Pat was a member of the Cowles Church.  I’d met Pat at her house in the country.  Well, not technically.  She had no house.  Her house had been destroyed in a tornado a few years previously.  Only her basement was left.  Her and her husband had plans to retire and move to Red Cloud in the near future, so they didn’t rebuild.  On her property was a large cement slab, with a doorway  in the center of it, attached to a triangle that was the descending stairs.  That day I’d met her for coffee to get to know her as my PPRC chair.  She was reserved, but friendly.

She hung up.  I felt a deep, sickening dread.  Tingling again, beginning in my face and extending down my body.  My chest was tight and I felt nauseous.  I was scared.  I started to cry.  I just wanted a little bit of comfort, some assurance.  Support.  Larry was my sole supplier.  I was grateful for him.

But otherwise, I felt so alone.  And panicked.

“I don’t know if I can do this for another 37 years if this is what church ministry is going to be like,” I told Larry when he brought me supper and fluffed the pillows under my feet.  He didn’t say much.  He was furious at my churches for showing no support whatsoever, no concern.

The women of Superior were already discussing who would get to babysit this new little person.  They did send flowers, cards and shared concern with Larry when they saw him at the church.  I envied him his appointment.  There were issues, of course, but it was a good strong church with a viable ministry.  They were responsive to his leadership.  There were times I resented Larry for having a good ministry, where he felt rewarded.  Where he could use his gifts.  He went to the office every day and people came in and out, visiting with him.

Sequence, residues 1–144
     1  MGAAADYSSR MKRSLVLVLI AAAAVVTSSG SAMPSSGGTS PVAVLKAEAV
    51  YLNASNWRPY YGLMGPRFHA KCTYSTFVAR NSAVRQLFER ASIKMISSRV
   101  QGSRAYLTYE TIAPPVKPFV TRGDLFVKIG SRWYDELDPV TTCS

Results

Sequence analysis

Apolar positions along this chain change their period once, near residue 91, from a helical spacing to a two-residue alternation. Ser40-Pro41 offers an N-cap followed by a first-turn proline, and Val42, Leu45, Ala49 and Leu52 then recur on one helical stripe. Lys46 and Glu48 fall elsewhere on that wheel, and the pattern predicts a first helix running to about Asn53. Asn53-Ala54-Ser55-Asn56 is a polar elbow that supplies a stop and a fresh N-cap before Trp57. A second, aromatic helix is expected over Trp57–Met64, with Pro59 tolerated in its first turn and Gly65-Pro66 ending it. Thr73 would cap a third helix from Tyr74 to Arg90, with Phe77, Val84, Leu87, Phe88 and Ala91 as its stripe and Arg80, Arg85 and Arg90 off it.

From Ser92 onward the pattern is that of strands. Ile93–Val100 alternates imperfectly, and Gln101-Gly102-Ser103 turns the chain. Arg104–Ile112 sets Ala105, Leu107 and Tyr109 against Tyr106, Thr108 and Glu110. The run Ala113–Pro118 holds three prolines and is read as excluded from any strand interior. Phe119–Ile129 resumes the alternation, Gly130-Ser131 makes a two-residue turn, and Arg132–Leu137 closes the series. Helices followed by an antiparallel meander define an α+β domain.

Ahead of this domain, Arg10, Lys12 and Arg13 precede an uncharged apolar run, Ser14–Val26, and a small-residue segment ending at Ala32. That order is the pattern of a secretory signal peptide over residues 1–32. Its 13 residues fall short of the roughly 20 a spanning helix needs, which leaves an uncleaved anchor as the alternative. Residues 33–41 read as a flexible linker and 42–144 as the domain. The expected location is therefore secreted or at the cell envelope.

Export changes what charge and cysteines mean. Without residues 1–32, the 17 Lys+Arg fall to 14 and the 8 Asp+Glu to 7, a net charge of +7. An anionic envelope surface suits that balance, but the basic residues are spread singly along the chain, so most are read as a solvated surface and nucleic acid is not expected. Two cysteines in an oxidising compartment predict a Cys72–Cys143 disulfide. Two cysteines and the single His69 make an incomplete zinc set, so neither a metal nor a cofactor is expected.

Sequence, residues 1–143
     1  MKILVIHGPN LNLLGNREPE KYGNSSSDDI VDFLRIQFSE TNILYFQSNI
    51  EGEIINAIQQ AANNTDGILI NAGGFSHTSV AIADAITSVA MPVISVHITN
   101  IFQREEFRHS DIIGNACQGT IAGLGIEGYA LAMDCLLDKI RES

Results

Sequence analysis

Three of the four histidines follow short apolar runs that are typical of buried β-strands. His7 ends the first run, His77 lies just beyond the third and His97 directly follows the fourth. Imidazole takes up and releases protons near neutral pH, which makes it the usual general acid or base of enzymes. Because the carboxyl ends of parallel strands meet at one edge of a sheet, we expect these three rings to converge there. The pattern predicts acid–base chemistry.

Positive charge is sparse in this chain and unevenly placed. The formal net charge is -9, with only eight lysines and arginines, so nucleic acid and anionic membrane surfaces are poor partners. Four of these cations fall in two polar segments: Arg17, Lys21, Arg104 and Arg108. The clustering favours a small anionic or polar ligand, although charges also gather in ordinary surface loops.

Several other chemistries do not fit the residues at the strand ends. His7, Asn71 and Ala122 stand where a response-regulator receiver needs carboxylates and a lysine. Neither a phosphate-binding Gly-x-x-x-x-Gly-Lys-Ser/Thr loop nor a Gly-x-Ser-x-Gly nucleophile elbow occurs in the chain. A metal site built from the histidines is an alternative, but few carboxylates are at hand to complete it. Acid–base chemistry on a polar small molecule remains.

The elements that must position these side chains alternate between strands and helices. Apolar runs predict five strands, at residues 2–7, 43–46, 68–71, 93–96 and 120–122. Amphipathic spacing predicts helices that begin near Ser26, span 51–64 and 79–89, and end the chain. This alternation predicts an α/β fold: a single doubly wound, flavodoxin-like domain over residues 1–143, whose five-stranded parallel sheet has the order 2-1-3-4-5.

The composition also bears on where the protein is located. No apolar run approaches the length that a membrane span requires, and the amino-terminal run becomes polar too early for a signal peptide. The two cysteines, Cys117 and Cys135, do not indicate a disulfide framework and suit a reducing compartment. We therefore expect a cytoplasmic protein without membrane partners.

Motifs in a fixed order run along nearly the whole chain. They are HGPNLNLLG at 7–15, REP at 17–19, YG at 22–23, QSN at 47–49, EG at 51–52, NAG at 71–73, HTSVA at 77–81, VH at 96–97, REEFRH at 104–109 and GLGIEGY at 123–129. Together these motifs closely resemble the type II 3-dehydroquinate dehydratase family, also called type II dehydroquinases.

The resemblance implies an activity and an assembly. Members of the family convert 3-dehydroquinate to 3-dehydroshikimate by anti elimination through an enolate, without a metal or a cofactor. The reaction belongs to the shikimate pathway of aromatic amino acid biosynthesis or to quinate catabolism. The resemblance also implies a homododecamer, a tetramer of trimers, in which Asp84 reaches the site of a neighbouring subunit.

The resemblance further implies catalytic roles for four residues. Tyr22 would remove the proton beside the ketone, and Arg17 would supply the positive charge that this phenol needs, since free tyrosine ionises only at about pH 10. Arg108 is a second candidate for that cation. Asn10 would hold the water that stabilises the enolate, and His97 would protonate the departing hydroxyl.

I felt like I was a pastor in a ghost town.

The following week I still hadn’t miscarried, and was given the go-ahead from the doctor to go back to work.  The SPRC meeting was Tuesday night at the Guide Rock church.  As I drove the 25 miles west to Guide Rock, I looked out at the seemingly endless prairie.  Cows grazing, a gorgeous Nebraska sunset.  So much beauty.

I walked into the basement of the Guide Rock Church.  Everyone was already there.  Pat, the older couple from Cowles, and three Guide Rock members.  Waiting for me.

Pat sat up straight, lips pursed, not looking like the friendly woman who served me coffee in her basement home just weeks before.  They asked me to say a prayer, which I always found odd.  What was I praying for?  For guidance?  They knew what they were there for, and they already had their script.

“A lot of people are upset,” Pat said, opening the meeting.  No one asked how I was feeling, how I was.  The Guide Rock contingency, led by Wayne, looked down at the table, as if folding into themselves.

“You missed two Sundays of church!” Pat noted accusingly.  “We had to pay for replacements for two Sundays!  Are you going to pay us back for that?”  She stared at me angrily.

“I was on bed rest, ordered by my doctor,” I said feebly.

“Still, we had to pay out that money… and while we’re on the subject, what are you going to do with the baby?  Is the baby going to take time away from your ministry?  Are you planning to bring the baby to the office?  What if you get called out?  Then what happens?”  Her questions, obviously rehearsed and written in the notes in front of her, came in rapid-fire succession, giving me little time to answer.